Figure 1

Figure 1

Back to Top | Article Outline

3. Results

3.1. Identification of studies

Based on our search terms, a total of 7164 studies were identified across the databases. A total of 2838 duplicates were removed, leaving 4326 unique publications for screening. Of these, 97 were found eligible for full-text screening. A total of 7 studies matched our eligibility criteria, whereas the other 90 were excluded primarily based on study design. Two of the 7 studies were based on the same study sample, as Carty et al.16 used a subsample of the full sample used by Liedl et al.,37 which was confirmed by contacting the author group. Screenings of reference lists of the 7 included studies did not reveal additional studies (Fig. 2).

Figure 2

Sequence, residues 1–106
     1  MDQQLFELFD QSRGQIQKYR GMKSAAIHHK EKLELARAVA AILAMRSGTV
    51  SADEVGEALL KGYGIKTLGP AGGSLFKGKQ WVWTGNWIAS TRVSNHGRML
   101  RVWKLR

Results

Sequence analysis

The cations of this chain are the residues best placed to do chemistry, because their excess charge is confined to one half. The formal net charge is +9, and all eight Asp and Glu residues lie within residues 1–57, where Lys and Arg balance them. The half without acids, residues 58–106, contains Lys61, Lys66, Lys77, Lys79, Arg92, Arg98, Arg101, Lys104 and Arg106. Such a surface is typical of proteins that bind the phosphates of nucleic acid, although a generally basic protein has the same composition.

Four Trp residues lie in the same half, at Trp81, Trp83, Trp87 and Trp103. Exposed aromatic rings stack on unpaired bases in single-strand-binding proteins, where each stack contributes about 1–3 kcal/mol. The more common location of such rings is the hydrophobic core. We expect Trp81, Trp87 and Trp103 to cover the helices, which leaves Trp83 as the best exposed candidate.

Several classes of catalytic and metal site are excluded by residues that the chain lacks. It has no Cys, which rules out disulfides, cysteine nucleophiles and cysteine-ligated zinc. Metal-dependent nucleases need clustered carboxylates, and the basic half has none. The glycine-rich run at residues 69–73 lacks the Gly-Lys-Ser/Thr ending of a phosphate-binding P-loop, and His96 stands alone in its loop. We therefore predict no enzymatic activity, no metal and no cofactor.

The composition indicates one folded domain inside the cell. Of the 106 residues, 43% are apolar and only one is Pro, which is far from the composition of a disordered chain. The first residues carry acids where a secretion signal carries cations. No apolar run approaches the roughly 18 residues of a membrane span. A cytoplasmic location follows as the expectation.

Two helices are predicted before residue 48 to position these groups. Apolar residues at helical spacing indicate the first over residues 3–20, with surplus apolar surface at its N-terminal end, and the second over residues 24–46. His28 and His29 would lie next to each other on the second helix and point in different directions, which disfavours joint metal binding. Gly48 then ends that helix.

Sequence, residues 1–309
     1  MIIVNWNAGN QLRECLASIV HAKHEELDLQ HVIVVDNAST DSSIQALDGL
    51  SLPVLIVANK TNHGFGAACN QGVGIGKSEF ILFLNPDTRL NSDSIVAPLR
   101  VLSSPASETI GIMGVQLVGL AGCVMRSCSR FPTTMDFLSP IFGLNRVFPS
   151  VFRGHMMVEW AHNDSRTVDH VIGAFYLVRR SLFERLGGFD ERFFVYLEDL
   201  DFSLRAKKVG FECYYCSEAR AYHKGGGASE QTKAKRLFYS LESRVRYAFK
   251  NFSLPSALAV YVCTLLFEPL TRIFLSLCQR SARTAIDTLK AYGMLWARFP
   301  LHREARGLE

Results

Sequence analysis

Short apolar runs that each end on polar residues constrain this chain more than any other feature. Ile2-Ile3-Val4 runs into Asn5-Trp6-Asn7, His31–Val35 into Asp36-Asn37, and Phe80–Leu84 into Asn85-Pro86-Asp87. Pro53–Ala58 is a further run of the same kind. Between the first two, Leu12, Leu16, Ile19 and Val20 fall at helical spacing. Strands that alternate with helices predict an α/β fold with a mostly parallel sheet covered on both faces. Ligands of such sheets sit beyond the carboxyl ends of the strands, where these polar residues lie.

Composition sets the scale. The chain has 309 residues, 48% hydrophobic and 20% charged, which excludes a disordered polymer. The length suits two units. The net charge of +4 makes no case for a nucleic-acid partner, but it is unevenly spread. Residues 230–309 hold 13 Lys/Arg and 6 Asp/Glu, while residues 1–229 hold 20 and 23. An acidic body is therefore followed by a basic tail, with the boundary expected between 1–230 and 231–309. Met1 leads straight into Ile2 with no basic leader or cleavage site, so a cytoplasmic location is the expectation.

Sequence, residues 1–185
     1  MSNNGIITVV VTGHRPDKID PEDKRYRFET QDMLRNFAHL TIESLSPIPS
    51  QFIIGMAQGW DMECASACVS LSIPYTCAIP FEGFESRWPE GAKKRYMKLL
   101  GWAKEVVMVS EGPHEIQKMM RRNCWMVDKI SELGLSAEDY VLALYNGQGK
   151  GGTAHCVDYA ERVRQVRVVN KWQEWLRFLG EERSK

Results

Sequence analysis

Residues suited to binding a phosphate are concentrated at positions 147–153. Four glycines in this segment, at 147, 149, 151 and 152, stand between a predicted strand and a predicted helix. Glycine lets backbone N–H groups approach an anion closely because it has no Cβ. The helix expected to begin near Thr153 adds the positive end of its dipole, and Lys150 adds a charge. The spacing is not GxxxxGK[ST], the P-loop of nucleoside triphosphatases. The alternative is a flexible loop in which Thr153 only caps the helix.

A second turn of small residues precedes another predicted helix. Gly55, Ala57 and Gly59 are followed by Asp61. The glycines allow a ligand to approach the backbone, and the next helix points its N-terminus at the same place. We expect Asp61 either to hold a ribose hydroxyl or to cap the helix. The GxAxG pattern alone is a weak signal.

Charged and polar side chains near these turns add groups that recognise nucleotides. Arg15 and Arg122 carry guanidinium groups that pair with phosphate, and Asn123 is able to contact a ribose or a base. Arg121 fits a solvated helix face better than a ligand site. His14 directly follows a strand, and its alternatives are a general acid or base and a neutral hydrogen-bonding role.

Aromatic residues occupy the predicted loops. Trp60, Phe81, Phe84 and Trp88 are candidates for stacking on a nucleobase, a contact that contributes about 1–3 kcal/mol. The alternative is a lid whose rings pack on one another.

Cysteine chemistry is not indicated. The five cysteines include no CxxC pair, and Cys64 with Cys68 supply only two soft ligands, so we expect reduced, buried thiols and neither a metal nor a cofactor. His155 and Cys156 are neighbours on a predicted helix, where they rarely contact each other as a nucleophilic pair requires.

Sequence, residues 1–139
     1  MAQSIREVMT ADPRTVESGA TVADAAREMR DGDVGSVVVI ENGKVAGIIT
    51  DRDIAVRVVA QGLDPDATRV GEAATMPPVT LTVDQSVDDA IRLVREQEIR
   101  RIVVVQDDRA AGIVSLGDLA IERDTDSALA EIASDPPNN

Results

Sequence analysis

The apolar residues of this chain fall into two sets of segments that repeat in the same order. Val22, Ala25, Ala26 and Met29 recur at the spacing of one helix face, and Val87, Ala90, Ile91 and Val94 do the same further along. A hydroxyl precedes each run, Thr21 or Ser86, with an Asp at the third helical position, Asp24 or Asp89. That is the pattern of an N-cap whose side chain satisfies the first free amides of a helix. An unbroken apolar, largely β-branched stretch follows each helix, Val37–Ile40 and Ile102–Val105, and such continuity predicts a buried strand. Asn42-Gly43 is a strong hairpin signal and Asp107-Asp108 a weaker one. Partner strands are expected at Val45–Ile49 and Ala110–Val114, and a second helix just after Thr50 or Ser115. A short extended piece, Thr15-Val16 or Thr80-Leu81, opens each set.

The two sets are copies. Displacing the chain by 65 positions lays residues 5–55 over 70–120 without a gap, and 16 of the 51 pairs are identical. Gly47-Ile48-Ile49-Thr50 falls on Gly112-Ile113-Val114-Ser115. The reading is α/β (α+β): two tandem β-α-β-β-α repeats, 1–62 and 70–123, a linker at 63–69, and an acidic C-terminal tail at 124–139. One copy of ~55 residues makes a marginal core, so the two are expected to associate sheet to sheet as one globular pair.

Figure 2

Back to Top | Article Outline

3.2. Descriptive characteristics

The 7 eligible studies included a total of 2773 unique participants, counting patients with severe injury without severe traumatic brain injury,16,29,37 patients with minor injury post-MVC,21,47 blast-exposed military personnel,56 and burn victims.60 Around one-third of the participants were females (35.92% across studies [range: 3.35%-66.40%]). Mean age ranged from 27.4 to 40.9 years in the 6 studies that reported this with a cross-study mean of 37.7 years. Descriptive characteristics for each of the 7 studies and their samples are presented in Table 1.

Back to Top | Article Outline

3.3. Risk of bias assessments

All studies were appraised to be of acceptable methodological quality with moderate risk of bias. Of note, this category contains great variability, as the amount and types of methodological issues vary from study to study, which is visualized in Table 2.

Table 2

Table 2